3. The other day when I took my pilgrimage from Evanston to Lincoln Square, I was listening to Josh Ritter. Which is not rare for me. What is rare for me is when I am listening to my fave Josh Ritter song, and Joe texts me, "How do you feel about Josh Ritter?" That is straight-up rare.

Anyway, it led to a text conversation which led to me burning a bunch [two] of JR albums for Joe, which made me re-fall in love with Josh. I am in love with Josh. I am.

This is why: He creates these incredible fantasy worlds, about the Mississipi River and silent films and living in the wilderness, and then he sings about them as though they're completely normal. Awesome and probably very difficult to pull off. Maybe he is the Pedro Almodovar of folk music.

I am also bananas about his use of the Wurlitzer, and the way he can be at once so folky, so rocky, so bluegrass, so old-school honkey-tonk. And his use of the 6/8 time signature, i.e. God's time signature.

And finally, I feel like Josh Ritter sees his entire life as this big romantic drama. Which is exactly how I see my life. So we should get married?

Anyway. I've been listening to him non-stop since I woke up today.

The lyrics in this particular song are stunning, beautiful creaky melancholy for this rainy morning.

Now, I take a walk.

Wednesday, June 10, 2009

No. 16

1. Disco Dance Party this morning with two fellow strong independent women. We ate Raisinettes at 8am while getting down to Gloria Gaynor. And the Dance Queen Champion herself told me I was not really that bad of a dancer at all.

2. Found a wonderful stranger in my kitchen at 4:30 this morning. And he was not even trying to steal anything. He just introduced himself, chose some music [Of Montreal] for my morning commute, said it was nice to meet me and that I shouldn't ever take up smoking, then went to sleep.

3. Had a brief but full discussion with a girl at work about holism and sexuality in the Church. Of course. What else would I talk about with my co-workers I barely know? Felt thankful that I belong to a Church [and church] I don't feel embarassed about. Felt thankful for new friends who respect me enough to ask questions.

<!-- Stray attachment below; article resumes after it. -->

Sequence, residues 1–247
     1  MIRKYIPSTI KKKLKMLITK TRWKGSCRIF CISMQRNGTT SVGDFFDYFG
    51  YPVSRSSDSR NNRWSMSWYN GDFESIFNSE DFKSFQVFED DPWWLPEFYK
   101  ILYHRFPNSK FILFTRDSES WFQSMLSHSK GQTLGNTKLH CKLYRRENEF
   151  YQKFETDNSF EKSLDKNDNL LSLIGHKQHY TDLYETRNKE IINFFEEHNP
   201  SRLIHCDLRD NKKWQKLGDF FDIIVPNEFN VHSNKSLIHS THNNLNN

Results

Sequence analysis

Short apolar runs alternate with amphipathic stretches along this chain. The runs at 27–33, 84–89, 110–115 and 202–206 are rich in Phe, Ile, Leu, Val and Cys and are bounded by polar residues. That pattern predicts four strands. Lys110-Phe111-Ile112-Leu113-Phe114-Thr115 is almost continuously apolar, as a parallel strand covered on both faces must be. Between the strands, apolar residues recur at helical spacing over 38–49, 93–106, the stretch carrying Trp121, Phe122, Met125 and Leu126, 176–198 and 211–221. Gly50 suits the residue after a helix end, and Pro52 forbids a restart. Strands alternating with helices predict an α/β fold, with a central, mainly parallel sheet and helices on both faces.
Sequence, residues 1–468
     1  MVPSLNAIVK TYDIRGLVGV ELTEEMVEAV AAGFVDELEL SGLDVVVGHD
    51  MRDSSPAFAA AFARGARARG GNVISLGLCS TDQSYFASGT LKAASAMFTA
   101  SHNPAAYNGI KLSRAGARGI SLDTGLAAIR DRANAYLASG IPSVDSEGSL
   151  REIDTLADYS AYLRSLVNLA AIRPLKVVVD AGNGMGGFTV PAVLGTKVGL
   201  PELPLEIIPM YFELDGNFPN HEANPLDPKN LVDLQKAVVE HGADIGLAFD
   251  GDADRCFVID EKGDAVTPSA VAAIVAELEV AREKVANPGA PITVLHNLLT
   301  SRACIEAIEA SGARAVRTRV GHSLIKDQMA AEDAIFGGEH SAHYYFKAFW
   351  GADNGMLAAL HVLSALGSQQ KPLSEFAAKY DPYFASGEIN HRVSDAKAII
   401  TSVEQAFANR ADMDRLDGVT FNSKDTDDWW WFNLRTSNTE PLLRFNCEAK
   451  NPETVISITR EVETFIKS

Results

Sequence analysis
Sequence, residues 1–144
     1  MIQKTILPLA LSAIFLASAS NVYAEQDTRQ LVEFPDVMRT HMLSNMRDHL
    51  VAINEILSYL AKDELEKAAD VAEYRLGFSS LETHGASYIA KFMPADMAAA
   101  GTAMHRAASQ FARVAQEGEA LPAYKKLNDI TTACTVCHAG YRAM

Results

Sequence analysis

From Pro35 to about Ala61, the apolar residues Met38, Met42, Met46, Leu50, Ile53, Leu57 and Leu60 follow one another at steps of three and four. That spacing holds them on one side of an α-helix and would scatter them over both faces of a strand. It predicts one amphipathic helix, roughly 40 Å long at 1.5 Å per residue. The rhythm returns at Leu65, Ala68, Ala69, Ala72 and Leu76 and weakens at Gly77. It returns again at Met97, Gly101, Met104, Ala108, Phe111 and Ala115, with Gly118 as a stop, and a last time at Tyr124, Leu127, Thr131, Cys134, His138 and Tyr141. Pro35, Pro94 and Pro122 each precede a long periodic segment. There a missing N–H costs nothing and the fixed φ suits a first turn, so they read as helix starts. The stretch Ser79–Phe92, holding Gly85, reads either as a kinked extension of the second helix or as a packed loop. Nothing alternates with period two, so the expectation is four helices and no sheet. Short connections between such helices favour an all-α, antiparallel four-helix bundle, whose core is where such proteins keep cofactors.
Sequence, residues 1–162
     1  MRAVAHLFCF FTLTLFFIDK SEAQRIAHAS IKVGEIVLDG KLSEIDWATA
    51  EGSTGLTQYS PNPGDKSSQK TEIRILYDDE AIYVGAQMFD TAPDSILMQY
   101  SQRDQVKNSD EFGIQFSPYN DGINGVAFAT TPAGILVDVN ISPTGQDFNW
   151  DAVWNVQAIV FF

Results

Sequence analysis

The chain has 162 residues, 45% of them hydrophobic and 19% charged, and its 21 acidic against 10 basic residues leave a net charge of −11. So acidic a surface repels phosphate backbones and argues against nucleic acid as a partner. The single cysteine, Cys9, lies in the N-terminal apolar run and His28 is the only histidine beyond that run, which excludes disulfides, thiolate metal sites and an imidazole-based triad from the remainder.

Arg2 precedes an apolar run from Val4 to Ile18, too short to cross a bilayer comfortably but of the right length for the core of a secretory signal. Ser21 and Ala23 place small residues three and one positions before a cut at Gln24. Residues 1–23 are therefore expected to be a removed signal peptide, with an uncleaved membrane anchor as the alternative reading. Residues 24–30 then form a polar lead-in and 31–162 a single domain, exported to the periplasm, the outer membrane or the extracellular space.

4. Got a seat on the bus ride home! [Never happens.]

5. You know what you are? You're God's answer to Job. You would have ended all argument between them. I mean, He would have pointed to you and said, "You know, I do a lot of terrible things, but I can still make one of these." And then Job would have said, 'Eh. Yeah, well, you win.'
That's how I feel about most people, places, and things.

Tuesday, June 9, 2009

No. 15

1. Joe emailed me a list of funny/fabulous insurance agency names he dealt with today at his Important Man Job:

Lovitt & Touche
Buttrey, Wulff, Mamminga Agency
DeGeus & Klafter
Plapp Services
Puckett Sheetz & Hogan

I love Joe for sending me something like this. And I love him for the fact that he noticed a sign a while back for the Tinkoff & Popko Law Firm, whose name I've taken to saying in my head to make myself laugh in a time of need.

2. Took a lengthy walk home tonight. To tell you the truth, I find it lazier for me to walk than to take the El. The El requires all that fluoresence, waiting around for the train for a few minutes, perhaps even transferring. Yuck. Walking is so much easier, and feels quicker.

During tonight's walk I felt strange and uneven, like I accidently tipped the balance a bit too far one way and all of a sudden, all of these thoughts spilled out from their assigned spaces where I had them carefully placed on the upper shelf of my brain and heart and guts--not to speak unless spoken to.

But in the midst of spillage, my coat felt so cozy like this big giant wonderful hug, Sam Cooke sang into my ears via these decrepid earbuds I refuse to (read: can't afford to) replace, and I missed Chile so much that my neck started hurting. Which reminds me that most everything difficult will some day be missed, and that Heather is back in the USA and now a phone call away.

3. "I am strong. I am invincible. I am Peter."

Monday, June 8, 2009

No. 14

1. "I'm supposed to tell you that I'll call you in a few days to let you know my decision, but I'll just tell you now: it was a pleasure meeting you. You can start Monday."

2. I walked from Evanston to Lincoln Square today. It took 4 hours. Go ahead and laugh. I'll be laughing my way all the way to a CTA card machine to see that I have $2.25 more on my card than I would have had if I'd been lazy and taken three trains to get home.

Anyway, the point is, I walked along the Rogers Park beach. This is my favorite part of Chicago. I wouldn't really fancy myself much of a Beach Girl, but there is something in the air on that part of the lake. The sky is always some crazy color and something wonderful is always happening. I've only been a few times, but I am convinced, and will convince you, that it is magical. I am very serious about this.

Today the sky at the Rogers Park beach was periwinkle (in the middle of the day!), AND the lifeguards were having a FOOD FIGHT on the sand! See? Magic.

3. I noticed the most gentle little puppy in the window of a pet shop (with a sign that assured me he was not from a puppy mill). I realized in a quick moment that he was a King Charles Spaniel, favored breed of my beautiful mother. I felt so thankful for her that I had to text her. Which is how I show my love I think.